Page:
Turning our emotions into action –and VOTES

by Beth Camplain | Aug 13, 2018
For inspiration, we need only look around us to see what unions have done – and are doing – to improve lives and communities.
The Supreme Court’s decision in the Janus v. AFSCME case marked one of the low points in modern American labor history. I have no doubt that many of you, like me, first felt dejected when the decision was announced. After all, the nation’s highest court sided with wealthy corporate interests like the DeVos family and Koch brothers against the best interests of working people and our communities. You’ll recall that the case was originally brought by our own Governor Rauner, whose sole purpose from Day One has been to weaken our unions.

But this latest attack on our unions is far from being a death blow. In fact, it is an incredible opportunity to engage members and make our unions even stronger. For inspiration, we need only look around us to see what unions have done – and are doing – to improve lives and communities.

I recently went with AFL-CIO leaders to Mt. Olive, Ill., to visit the grave of pioneering labor activist Mother Jones. I had been there many times before, but this time union miners were there, too. They were the descendants of many of the workers who lie buried near Mother Jones in the only union cemetery in the United States. One retired miner showed me his late grandfather’s check stub from 1938: it showed that John Frigo, a Czech immigrant, earned $36 for that pay period and gladly paid $1.50 in union dues. I felt a deep connection to the vein of unionism as I stood surrounded by these workers whose commitment to the union is as deep as the coal they once mined. And I was so proud to see the IFT’s name atop the monument acknowledging those who provided financial support to help refurbish this national landmark.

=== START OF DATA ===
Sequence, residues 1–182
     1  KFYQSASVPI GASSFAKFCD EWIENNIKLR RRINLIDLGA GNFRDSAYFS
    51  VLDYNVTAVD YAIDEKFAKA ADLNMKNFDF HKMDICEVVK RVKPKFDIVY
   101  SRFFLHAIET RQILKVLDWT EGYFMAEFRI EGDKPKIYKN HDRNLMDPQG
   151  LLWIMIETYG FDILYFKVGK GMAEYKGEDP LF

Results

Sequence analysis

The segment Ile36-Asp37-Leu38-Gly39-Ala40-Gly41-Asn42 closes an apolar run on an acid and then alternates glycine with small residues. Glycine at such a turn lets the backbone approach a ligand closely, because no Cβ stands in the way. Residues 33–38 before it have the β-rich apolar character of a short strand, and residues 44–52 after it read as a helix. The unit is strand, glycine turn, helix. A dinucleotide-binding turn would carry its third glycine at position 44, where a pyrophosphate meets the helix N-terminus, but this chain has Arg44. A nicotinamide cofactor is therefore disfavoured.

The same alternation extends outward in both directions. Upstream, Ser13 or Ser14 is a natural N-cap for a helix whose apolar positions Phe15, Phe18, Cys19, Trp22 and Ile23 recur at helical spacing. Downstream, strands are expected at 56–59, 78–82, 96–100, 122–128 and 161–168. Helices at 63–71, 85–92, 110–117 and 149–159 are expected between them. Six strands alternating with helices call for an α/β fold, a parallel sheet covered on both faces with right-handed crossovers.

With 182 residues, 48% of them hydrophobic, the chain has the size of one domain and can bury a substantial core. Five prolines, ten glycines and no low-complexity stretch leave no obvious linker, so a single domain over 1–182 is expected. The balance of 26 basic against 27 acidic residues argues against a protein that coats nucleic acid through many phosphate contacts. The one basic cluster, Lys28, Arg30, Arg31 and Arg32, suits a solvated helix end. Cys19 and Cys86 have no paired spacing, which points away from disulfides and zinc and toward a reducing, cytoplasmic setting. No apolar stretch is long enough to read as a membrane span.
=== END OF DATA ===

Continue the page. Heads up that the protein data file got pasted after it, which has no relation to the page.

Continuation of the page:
The next day, I joined hundreds of teachers and clergy on the Texas-Mexico border to protest the Trump administration’s inhumane incarceration of immigrant children. It was deeply troubling, but to be in the presence of so many teachers, faith leaders, Dolores Huerta, and union allies from around the world was uplifting. We prayed and attempted (unsuccessfully) to deliver books and toys to the children held in tents in 107-degree weather. The experience reminded me that our unionism compels us to defend these children and their families, much as it compelled Walter Reuther to commit UAW resources to the civil rights movement. The fight for social justice is inseparable from our unionism. As Mother Jones declared, “I am an organizer, an agitator, and an aggravator. I act because I love humanity.”

So as the ramifications of the Janus decision rolled out in late June, I quickly went from being disheartened to being inspired. I thought about our union’s tremendous preparation. Our staff, leaders, and members knew what had to be done next, and everyone hit their marks. That incredible effort and solidarity speaks volumes for our union’s ability to thrive.

The fact is, now we are all part of writing another crucial chapter in the history of the American labor movement. And the outcome is up to us.
Governor Rauner and many Republican lawmakers in Springfield have made it clear they stand on the side of anti-union funders and big corporations. In the upcoming election, we must come together and stand up for our side – middle-class workers and the students and citizens who rely on us. I don’t have to reiterate the stakes for you: we can simply sit by and accept another four devastating years under Bruce Rauner, the progenitor of Janus. Or we can commit to support JB Pritzker and Juliana Stratton, who will work with us and sign laws and issue executive orders to give workers a stronger voice.

The choice is crystal clear. It’s time to convert our emotions over the Janus decision into action and votes in the upcoming election.

At the ballot box and the bargaining table, time and again our unions have proven that our power lies in our members. Together, we will continue to do what our unions do best – advocate for what is right and good and just. No court decision can change that.
It is an utmost honor and privilege to fight alongside you during this historic time.